First Published in The Sydney Morning Herald, 1988

David Langsam interviews Yitzhak Rabin.

Transcript of the interview with Yitzhak Rabin can be found here.

ISRAEL'S Defence Minister is under pressure: political, military and moral. Yitzhak Rabin has a Palestinian uprising that refuses to go away, an election neither his Marach (Labor) coalition nor the Likud opposition can win outright, and a policy of brutality that has lost friends and upset world opinion.

Mr Rabin works long hours and is familiar with minute details of his portfolio. He has a world on his shoulders (partly supported by the bags, under his eyes) and his voice is a slow, deliberate gravel. But he's cordial, even friendly.

A former general, ambassador to Washington, and Prime Minister, Mr Rabin is a tough, consummate politician. His present task is to convince voters in Israel's elections on November 1 [1988] that he can handle the nine-month-old intifada (uprising), and that any negotiations to exchange land for peace will only occur if Israel can be guaranteed security.

Despite overwhelming concern at the violence in the streets (tourism is down by more than 20 percent and military costs up by AUD $300 million), Israelis are divided over and sceptical of an independent Palestinian State - the aim of the intifada.

Yitzhak Rabin
Photo: David Langsam

The uprising is the major election issue, and while one poll says 54 per cent of voters favour either full annexation of the Occupied Territories with democratic rights for the inhabitants or relinquishing the territories, 42 per cent of Israelis want Arabs "transferred" - a euphemism for mass expulsion. Rabbi Meir Kahane says he would use cattle trucks.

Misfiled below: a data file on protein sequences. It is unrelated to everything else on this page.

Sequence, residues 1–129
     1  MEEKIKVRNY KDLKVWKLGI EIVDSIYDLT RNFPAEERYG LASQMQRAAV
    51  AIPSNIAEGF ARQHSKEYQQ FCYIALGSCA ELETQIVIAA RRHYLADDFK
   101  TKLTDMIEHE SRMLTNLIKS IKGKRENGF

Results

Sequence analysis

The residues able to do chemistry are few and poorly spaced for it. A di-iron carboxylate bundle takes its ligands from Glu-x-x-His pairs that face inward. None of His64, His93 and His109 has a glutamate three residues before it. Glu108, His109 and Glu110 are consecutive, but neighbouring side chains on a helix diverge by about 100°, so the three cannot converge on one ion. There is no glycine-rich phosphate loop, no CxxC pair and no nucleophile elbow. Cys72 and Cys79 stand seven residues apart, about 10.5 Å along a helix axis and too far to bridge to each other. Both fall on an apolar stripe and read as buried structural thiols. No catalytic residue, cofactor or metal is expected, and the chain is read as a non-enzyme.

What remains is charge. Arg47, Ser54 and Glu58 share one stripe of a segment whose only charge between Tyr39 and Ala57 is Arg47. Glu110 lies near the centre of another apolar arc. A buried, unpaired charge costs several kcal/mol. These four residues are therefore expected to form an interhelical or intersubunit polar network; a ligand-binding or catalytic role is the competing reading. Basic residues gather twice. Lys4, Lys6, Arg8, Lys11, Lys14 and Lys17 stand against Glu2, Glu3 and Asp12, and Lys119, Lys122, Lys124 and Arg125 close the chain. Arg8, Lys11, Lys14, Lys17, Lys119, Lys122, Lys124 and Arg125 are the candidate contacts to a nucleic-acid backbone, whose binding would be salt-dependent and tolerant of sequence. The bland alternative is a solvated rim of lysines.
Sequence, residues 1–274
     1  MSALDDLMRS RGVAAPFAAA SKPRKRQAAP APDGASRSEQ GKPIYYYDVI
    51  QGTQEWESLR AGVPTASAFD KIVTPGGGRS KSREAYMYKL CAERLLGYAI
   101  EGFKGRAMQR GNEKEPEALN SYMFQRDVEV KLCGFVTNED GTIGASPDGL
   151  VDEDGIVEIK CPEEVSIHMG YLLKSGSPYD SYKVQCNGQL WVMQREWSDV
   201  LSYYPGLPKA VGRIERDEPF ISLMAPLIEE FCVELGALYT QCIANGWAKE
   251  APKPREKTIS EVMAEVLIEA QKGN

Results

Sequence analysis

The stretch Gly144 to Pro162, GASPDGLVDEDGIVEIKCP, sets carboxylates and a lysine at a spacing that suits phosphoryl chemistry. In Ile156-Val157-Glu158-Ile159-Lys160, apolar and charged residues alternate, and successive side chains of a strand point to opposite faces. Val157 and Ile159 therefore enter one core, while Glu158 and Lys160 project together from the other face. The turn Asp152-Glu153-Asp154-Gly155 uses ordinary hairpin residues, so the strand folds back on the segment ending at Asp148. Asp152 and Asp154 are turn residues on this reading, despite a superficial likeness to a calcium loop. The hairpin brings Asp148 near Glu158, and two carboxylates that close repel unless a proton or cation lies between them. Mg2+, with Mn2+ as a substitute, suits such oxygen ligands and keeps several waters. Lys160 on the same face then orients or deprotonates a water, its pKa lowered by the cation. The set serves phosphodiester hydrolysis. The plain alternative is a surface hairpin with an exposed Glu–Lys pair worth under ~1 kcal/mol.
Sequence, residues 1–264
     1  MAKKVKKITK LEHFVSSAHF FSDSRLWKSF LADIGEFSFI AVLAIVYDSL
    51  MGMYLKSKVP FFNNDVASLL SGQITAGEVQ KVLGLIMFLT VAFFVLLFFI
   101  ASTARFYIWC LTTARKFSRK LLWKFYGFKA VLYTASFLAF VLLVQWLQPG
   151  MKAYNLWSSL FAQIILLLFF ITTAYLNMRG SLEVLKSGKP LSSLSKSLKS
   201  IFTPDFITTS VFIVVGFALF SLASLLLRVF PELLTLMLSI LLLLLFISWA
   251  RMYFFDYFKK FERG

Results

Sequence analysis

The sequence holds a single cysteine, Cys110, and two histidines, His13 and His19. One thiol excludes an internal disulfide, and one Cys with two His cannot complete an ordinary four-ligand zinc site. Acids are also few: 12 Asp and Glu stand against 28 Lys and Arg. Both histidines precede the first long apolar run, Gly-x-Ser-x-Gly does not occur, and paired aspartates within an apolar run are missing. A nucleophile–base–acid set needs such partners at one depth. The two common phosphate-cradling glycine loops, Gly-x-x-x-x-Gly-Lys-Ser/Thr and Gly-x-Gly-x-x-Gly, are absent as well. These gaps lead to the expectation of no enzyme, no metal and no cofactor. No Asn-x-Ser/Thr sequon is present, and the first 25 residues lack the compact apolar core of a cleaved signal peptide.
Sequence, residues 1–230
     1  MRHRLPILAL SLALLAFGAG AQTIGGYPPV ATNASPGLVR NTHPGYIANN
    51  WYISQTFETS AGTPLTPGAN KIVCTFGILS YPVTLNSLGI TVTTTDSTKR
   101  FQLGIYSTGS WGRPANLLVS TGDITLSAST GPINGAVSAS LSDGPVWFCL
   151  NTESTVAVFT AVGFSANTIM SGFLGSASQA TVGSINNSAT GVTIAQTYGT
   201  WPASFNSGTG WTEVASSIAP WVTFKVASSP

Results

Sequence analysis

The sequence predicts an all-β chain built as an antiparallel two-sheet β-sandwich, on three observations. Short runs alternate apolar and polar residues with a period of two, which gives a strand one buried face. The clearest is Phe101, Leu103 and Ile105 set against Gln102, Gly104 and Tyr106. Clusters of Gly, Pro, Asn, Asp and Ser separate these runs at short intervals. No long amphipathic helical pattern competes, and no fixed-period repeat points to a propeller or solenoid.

Mr Rabin's alternative is to "grind down" the intifada, using mass arrests and lengthy curfews.

Following repeated protests in Kalkilya, a town of 25,000 people near Tel Aviv, 200 people were arrested and a curfew imposed for more than a week. When the curfew was lifted, the protests resumed.

The increasing repression means that all Palestinians are touched by the heavy hand of the Israeli military. In a mini-bus from Gaza to Tel Aviv, the driver bore the scars of a recent beating, the man next to me nursed a swollen hand, which he said soldiers repeatedly hit with a stick and a man in the back seat said his father and brother had been arrested.

They spoke of nothing except the intifada and Israeli brutality.

Mr Rabin denies that the repression may be counter-productive and that the soldiers patrolling the squalid refugee camps provoke the violence. He says arrests are made with good reason, and the use of force is only to quell violence.

But Mr Rabin's guidelines must be compared with the daily repression in refugee camps and Arab villages. At Jabalaya camp, a five-year-old girl had bruising over one side of her face.

"Israel will never give in. Israel will meet the violence by force"